After a long wait for the results, much to everyone’s surprise the blood tests came out positive. Apparently whatever it was they were looking for was three times higher than the normal level! Although this wasn’t a full diagnosis it was now 2am in the morning and they wouldn’t be able to do the ultra sound scan to confirm it was blood clots until 9am the next morning, so after a painful injection of anticoagulants I was sent home for a few hours rest.

The next morning I was back out the hospital but this time without Jim to hold my hand! The ultra sound confirmed I had blood clots in my calf.  5 hours, another lot of blood tests, another painful injection and a dose of warfarin later I was sent home again and told to come back yet again in the morning for more tests and drugs.

Whenever I tried to ask about training and running the doctor or nurse would pull an awkward face and say they weren’t the best to advise and the doctor would speak to me tomorrow. I tried not to worry too much about it until I had all the information, but it’s hard not to think the worst and get upset.

The next day after another 6 hours of tests including an ECG and a chest X-ray, the doctor decided that the blood clots were ‘unprovoked’ after not being able to find an underlying issue that could be causing them. Good news as it meant I wasn’t at risk from developing more in other parts of my body.

The bad news is he blamed it on being a distance runner, sometimes I think doctors quite often use distance running as a scape goat for certain things, the amount of times doctors have told me I won’t run again after various injuries is just silly. I will need to do some more research on this one but I think in this instance I might have to admit that doctor knows best… So apparently when you run over a certain distance you become dehydrated, which reduces the blood plasma ‘thickening’ your blood,  a higher level of fitness also means an increase in your red blood count and oxygen-carrying capacity, which can also increase the thickness of the blood. Combine this with also having a very low resting heart rate – mines 50, which is usually a good thing – and the blood can form blockages in the veins – hmmm not 100% convinced…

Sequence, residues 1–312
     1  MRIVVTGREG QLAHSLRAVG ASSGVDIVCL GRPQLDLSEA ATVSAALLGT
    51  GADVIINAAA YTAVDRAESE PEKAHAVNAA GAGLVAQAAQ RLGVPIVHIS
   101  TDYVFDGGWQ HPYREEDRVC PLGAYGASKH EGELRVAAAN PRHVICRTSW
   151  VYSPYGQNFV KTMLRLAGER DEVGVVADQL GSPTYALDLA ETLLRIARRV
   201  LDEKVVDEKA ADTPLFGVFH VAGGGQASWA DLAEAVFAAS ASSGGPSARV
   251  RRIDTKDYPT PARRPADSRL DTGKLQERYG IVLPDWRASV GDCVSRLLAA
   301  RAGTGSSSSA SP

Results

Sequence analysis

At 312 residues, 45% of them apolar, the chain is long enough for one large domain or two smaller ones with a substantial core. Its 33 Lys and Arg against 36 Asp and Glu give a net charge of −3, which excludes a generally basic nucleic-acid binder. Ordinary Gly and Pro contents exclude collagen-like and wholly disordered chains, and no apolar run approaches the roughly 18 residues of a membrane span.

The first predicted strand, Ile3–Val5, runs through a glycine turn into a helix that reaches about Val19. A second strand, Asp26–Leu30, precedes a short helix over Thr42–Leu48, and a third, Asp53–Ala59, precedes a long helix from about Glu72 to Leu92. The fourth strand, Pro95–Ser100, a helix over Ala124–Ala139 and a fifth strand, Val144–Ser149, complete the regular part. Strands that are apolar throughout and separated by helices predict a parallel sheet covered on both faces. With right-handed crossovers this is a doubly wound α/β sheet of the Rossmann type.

So what happens now, what does it all mean? Well I’m not allowed to run again until the pain has gone away, which will be when my body has broken down the blood clots, this can take anything from a week to months, I’m banking on it being a week! Two weeks out of training is recoverable anything more would mean major training plan adjustments.

I have to take anticoagulants for 3 months which I’m told will also effect training, training will be harder and I will tire more easily and until the clots have completely gone from my left calf it will also fatigue a lot quicker, as the blood supply is restricted.